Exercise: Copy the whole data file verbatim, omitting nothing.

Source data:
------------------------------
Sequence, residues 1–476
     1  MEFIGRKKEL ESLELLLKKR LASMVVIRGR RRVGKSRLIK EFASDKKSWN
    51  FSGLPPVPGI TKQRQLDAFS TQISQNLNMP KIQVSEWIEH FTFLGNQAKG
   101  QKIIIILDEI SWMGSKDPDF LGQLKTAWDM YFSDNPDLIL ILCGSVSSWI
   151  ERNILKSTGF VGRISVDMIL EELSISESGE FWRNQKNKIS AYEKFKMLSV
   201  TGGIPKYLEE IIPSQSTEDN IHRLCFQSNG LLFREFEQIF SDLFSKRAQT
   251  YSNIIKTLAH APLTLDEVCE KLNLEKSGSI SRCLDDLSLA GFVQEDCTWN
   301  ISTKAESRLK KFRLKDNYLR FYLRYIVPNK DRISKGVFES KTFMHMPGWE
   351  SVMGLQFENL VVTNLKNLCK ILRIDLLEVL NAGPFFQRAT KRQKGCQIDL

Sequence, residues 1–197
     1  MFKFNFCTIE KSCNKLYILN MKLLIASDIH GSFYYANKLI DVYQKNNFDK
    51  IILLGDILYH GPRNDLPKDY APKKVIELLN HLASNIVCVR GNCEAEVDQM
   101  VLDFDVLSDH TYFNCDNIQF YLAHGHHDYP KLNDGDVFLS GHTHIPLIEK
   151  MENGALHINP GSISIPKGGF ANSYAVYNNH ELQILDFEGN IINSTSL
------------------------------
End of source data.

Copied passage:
Sequence, residues 1–476
     1  MEFIGRKKEL ESLELLLKKR LASMVVIRGR RRVGKSRLIK EFASDKKSWN
    51  FSGLPPVPGI TKQRQLDAFS TQISQNLNMP KIQVSEWIEH FTFLGNQAKG
   101  QKIIIILDEI SWMGSKDPDF LGQLKTAWDM YFSDNPDLIL ILCGSVSSWI
   151  ERNILKSTGF VGRISVDMIL EELSISESGE FWRNQKNKIS AYEKFKMLSV
   201  TGGIPKYLEE IIPSQSTEDN IHRLCFQSNG LLFREFEQIF SDLFSKRAQT
   251  YSNIIKTLAH APLTLDEVCE KLNLEKSGSI SRCLDDLSLA GFVQEDCTWN
   301  ISTKAESRLK KFRLKDNYLR FYLRYIVPNK DRISKGVFES KTFMHMPGWE
   351  SVMGLQFENL VVTNLKNLCK ILRIDLLEVL NAGPFFQRAT KRQKGCQIDL

Sequence, residues 1–197
     1  MFKFNFCTIE KSCNKLYILN MKLLIASDIH GSFYYANKLI DVYQKNNFDK
    51  IILLGDILYH GPRNDLPKDY APKKVIELLN HLASNIVCVR GNCEAEVDQM
   101  VLDFDVLSDH TYFNCDNIQF YLAHGHHDYP KLNDGDVFLS GHTHIPLIEK
   151  MENGALHINP GSISIPKGGF ANSYAVYNNH ELQILDFEGN IINSTSL